Secondly, that's a strip mall, which is very undesirable and has, to many here, a hot lava moat of a parking lot they'd literally be afraid to cross and probably need to be taken to the hospital for a panic attack if someone forced them to.
Or taken to the hospital for being hit by a car, as has happened more than once at my lava-field parking lot grocery.

It's not the parking that i'm mad at here, it's the absence of walkways in the lot. Plopping a big-box store in the middle of a dense urban neighborhood without caring about pedestrian safety is a trend here in Balto.
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Old 02-26-2013, 01:47 PM
 
Location: Vallejo
14,061 posts, read 16,070,870 times
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Or mowed down by an errant bicyclists.
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Old 02-26-2013, 01:51 PM
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Location: Long Island / NYC
45,987 posts, read 41,937,844 times
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Quote:
Originally Posted by Malloric View Post
Secondly, that's a strip mall, which is very undesirable and has, to many here, a hot lava moat of a parking lot they'd literally be afraid to cross and probably need to be taken to the hospital for a panic attack if someone forced them to.
Yes, I can manage walking across a strip mall (most, some are in areas that are unwalkable: this is far better than this). I have walked to yes, strip malls and non-strip malls. On average, the areas where strip malls are located are worse though sometimes they're ok. Rather than dismissing other poster's tastes with sarcasm, you could understand the reasons behind them. Some prefer to have their nearby commercial streets with a non-strip mall urban design such as the photos I posted here.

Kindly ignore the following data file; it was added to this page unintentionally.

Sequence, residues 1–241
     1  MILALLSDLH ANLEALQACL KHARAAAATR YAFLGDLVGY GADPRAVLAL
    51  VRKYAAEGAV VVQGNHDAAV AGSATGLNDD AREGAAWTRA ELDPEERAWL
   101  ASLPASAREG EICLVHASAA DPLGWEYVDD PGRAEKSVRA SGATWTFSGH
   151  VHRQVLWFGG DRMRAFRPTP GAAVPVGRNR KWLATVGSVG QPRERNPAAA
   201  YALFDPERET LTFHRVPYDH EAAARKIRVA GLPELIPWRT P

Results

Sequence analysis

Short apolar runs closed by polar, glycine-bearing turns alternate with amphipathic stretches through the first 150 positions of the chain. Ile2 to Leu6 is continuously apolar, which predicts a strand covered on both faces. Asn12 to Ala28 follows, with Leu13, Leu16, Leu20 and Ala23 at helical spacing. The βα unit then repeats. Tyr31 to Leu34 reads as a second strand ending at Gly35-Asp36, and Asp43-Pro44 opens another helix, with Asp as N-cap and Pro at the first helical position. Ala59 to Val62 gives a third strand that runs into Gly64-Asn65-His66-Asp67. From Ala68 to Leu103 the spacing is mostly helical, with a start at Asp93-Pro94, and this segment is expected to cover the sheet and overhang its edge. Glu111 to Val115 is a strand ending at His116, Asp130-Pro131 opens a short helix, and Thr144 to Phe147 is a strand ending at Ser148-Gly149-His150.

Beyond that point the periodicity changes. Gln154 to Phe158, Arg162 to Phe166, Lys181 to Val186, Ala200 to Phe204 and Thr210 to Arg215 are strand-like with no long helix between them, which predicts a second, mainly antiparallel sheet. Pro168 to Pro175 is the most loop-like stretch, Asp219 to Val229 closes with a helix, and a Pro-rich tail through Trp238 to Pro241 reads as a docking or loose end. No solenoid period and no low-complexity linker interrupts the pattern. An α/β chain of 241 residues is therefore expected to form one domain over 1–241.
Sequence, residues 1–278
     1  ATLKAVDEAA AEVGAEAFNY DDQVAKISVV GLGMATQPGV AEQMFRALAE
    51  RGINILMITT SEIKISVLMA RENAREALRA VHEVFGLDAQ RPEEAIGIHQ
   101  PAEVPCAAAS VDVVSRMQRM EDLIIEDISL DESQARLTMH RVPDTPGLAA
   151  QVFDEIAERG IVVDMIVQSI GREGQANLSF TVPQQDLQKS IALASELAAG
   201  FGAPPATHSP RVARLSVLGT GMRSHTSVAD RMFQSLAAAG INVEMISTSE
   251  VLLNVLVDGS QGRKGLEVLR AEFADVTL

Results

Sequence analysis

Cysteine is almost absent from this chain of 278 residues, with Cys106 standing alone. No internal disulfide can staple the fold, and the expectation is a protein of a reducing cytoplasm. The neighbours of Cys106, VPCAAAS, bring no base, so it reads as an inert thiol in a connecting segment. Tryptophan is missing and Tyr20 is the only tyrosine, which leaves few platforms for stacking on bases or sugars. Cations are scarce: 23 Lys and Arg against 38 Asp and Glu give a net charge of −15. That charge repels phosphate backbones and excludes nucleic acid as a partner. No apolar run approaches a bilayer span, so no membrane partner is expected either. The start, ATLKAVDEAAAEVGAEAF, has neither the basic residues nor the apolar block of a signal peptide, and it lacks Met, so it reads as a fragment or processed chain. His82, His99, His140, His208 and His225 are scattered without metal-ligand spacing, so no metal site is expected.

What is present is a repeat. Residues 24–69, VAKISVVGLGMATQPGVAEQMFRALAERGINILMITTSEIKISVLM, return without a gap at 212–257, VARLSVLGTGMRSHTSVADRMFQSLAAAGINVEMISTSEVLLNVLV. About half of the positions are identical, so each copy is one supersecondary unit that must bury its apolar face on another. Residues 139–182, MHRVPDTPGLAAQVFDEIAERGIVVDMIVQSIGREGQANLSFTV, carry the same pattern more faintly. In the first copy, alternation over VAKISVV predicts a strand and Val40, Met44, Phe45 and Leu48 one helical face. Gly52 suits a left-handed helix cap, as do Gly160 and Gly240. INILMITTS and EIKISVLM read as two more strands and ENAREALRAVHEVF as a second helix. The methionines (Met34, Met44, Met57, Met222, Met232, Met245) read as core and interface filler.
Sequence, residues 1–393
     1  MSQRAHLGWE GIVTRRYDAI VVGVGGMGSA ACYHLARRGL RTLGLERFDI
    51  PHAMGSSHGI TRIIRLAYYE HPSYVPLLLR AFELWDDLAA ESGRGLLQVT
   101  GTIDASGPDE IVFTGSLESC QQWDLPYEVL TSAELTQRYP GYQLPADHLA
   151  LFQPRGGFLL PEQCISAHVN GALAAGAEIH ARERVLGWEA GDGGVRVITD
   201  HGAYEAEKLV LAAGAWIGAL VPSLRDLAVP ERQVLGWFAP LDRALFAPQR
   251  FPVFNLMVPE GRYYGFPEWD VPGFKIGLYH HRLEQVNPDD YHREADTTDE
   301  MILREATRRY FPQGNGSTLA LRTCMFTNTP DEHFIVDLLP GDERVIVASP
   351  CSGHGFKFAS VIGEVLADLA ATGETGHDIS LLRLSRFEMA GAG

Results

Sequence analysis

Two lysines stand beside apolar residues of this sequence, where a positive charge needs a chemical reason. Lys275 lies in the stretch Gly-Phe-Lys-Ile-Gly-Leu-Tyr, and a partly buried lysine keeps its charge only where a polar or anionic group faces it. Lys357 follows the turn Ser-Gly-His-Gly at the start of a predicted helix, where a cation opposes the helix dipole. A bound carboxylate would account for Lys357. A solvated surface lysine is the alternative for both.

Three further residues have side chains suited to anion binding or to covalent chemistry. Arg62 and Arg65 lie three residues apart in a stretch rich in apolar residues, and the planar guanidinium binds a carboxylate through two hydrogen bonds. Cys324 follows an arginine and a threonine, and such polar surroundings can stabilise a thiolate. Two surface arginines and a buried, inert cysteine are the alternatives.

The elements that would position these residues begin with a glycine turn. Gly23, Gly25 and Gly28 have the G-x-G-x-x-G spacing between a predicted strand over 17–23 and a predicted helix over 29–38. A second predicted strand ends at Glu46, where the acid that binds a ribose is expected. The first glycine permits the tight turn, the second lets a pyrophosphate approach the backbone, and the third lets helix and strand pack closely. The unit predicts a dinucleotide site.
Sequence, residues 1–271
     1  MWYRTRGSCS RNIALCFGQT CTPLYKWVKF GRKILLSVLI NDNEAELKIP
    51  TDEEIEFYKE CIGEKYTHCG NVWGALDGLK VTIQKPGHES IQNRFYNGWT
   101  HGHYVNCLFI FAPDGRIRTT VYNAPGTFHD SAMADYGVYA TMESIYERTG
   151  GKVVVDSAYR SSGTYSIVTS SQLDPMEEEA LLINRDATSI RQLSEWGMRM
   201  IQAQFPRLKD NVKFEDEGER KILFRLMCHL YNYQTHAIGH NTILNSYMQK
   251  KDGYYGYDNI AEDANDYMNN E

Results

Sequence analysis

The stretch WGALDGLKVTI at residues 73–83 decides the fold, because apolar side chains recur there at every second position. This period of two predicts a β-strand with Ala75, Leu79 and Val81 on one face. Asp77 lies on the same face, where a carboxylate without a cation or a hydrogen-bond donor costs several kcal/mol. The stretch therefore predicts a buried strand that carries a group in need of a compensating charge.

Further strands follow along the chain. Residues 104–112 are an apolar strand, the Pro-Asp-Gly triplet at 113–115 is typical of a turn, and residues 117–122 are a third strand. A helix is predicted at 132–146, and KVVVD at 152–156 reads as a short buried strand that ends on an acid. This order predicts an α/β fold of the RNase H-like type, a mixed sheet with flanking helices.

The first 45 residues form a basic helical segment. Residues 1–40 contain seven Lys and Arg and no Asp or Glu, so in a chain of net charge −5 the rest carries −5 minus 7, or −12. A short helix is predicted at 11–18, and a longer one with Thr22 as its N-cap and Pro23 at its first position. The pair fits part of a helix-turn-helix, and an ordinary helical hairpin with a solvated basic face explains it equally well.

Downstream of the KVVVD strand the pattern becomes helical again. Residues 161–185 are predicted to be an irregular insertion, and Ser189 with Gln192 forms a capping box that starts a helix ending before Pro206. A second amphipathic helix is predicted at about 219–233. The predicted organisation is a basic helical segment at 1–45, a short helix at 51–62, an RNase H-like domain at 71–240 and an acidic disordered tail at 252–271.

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Old 02-26-2013, 01:51 PM
 
Location: North Baltimore ----> Seattle
6,473 posts, read 11,098,346 times
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Quote:
Originally Posted by Malloric View Post
Or mowed down by an errant bicyclists.
In a grocery store parking lot? Tough to pick up that kind of speed. Auto-pedestrian collisions are far more common in parking lots (and everywhere else, for that matter).
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Old 02-26-2013, 02:04 PM
 
Location: Monmouth County, NJ & Staten Island, NY
407 posts, read 407,411 times
Reputation: 661
Quote:
Originally Posted by HandsUpThumbsDown View Post
Plopping a big-box store in the middle of a dense urban neighborhood without caring about pedestrian safety is a trend here in Balto.